POLICY

We engage with policy makers and provide the scientific evidence needed to make informed decisions related to the conservation of freshwater biodiversity.

 
 

BACKGROUND

Environmental policies rarely include specific targets to benefit freshwater biodiversity. Where there are specific policies for the management of freshwater systems, the focus is primarily on the management of water resources for people, with little consideration to ensure ecological functions are maintained and freshwater species are conserved (Harrison et al., 2016).

Safeguarding freshwater ecosystems often comes second to other development priorities that are viewed as being more directly linked to human well being, such as provision of drinking water, energy, and food.

The result is the unnecessary and often inadvertent sacrifice of freshwater life as collateral damage in global development, which can lead to the destruction of the very ecosystems required to support these same objectives.

Even major regional and legally binding policy initiatives such as the EU Water Framework Directive, which uses biological structure of water bodies to assess quality targets, does not include the conservation of ecosystems per se within its implementation cycles (Voulvoulis et al., 2017).

There are a number of international agreements to conserve and support the sustainable use of freshwater species and ecosystems.

However, international efforts thus far lack specific actions and goals for conserving freshwater ecosystems and species, and their genetic and functional diversity. As a result, they have had little success in slowing their decline (Convention on Biological Diversity, 2014).

We need to engage with policy-makers to build awareness for the importance of freshwater species and ecosystems, helping ensure politicians develop and implement policies and targets benefiting freshwater biodiversity.

Our objective is to place freshwater biodiversity as a central component of public and private decision making, rather than peripheral to it. This will be achieved by combining and integrating the expertise of globally focused conservation organizations with that of the world’s outstanding scientific research and educational institutions.

 © Olga Khoroshunova

© Olga Khoroshunova

Our objective is to place freshwater biodiversity as a central component of public and private decision making, rather than peripheral to it.


What we're doing to make a difference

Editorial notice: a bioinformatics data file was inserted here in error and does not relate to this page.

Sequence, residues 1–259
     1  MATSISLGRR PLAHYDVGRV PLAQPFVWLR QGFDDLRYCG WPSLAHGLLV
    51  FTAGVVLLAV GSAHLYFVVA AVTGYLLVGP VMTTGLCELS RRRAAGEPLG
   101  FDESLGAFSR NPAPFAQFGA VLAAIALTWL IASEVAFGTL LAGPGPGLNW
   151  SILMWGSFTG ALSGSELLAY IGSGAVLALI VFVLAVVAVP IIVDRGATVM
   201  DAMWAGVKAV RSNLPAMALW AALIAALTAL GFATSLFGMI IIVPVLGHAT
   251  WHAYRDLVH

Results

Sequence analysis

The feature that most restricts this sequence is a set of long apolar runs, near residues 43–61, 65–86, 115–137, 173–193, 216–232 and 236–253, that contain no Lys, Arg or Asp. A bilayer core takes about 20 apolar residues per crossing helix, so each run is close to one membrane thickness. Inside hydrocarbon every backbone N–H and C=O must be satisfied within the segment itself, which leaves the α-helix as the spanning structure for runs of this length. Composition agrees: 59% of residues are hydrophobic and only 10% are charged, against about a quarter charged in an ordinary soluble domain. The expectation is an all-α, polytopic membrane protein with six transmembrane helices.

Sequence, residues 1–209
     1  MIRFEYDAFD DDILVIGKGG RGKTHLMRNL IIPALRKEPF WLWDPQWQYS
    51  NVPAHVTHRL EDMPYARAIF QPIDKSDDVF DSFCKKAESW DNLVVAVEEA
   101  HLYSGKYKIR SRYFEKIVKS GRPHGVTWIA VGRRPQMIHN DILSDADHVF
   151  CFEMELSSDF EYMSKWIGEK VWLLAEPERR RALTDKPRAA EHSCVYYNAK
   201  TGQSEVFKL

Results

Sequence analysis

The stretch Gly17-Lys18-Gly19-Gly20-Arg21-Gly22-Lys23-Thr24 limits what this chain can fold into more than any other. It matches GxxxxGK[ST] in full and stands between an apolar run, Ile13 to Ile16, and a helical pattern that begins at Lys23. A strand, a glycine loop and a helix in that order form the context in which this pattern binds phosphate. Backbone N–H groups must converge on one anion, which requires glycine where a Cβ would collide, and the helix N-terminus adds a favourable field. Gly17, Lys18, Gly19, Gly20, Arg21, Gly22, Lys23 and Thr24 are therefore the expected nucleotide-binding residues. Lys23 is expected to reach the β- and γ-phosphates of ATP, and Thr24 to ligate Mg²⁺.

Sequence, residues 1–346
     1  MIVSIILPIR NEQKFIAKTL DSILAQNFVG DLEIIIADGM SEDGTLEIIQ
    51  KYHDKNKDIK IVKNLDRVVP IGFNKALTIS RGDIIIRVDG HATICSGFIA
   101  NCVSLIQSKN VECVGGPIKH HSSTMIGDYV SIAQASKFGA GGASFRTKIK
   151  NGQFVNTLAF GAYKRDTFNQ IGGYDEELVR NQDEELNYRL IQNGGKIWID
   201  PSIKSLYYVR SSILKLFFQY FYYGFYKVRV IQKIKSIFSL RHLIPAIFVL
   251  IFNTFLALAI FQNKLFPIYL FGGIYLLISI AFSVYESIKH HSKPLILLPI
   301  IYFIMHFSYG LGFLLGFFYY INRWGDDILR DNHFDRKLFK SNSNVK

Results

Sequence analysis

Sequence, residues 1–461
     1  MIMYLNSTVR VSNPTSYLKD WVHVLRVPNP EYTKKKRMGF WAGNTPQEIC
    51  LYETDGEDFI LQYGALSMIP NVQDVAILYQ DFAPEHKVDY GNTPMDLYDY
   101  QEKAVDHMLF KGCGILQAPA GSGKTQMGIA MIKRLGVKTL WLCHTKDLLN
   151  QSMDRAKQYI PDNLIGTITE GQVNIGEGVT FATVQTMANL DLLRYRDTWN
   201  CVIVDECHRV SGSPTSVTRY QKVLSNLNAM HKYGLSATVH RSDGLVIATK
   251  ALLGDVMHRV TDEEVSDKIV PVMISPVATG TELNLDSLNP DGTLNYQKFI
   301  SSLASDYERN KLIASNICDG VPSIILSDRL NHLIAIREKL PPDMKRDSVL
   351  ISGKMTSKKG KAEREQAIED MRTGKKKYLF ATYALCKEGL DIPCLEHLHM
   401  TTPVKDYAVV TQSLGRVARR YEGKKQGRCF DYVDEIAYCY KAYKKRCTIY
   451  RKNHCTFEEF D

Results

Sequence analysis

Engage with policy makers

The Alliance will address the freshwater biodiversity and conservation policy gap through its work to build awareness for the importance of freshwater species and ecosystems, helping ensure policy, and politicians, develop and implement policies and targets benefiting freshwater biodiversity. The Alliance will then engage with policy makers as new policies are developed and implemented to facilitate the input of science to the policy arena.

Identify conservation priorities

Priorities for freshwater biodiversity will be highlighted for greater attention within major global instruments such as CBD, the Convention on the Conservation of Migratory Species of Wild Animals (CMS), the Ramsar Convention, Convention Concerning the Protection of World Cultural and Natural Heritage, CITES (the Convention on International Trade in Endangered Species of Wild Fauna and Flora), and IPBES.

Facilitate science-policy collaborations

Ultimately the Alliance aims to facilitate science-policy meetings at the national, regional and global scales, bringing together scientists, policy makers, conservationists, funding bodies and campaigners. Where existing policies already exist, such as the SDGs or the water-related Nationally Determined Contributions (NDCs) that are part of countries’ post-2020 climate actions, the Alliance will bring expertise to help ensure the relevant scientific knowledge is made available to better inform implementation and to highlight the importance of functioning freshwater ecosystems for fulfilment of other related SDGs, such as for poverty alleviation.


Progress we've made:


 

References Cited

  1. Convention on Biological Diversity, 2014. Global Biodiversity Outlook 4. Secretariat of the Convention on Biological Diversity, 25, 155.
  2. Harrison et al., 2016. Protected areas and freshwater provisioning: a global assessment of freshwater provision, threats and management strategies to support human water security. Aquatic Conserv: Mar. Freshw. Ecosyst. 26 (Suppl. 1): 103–120.
  3. Voulvoulis et al., 2017. The EU Water Framework Directive: From great expectations to problems with implementation. Science of the Total Environment, 575, 358- 366.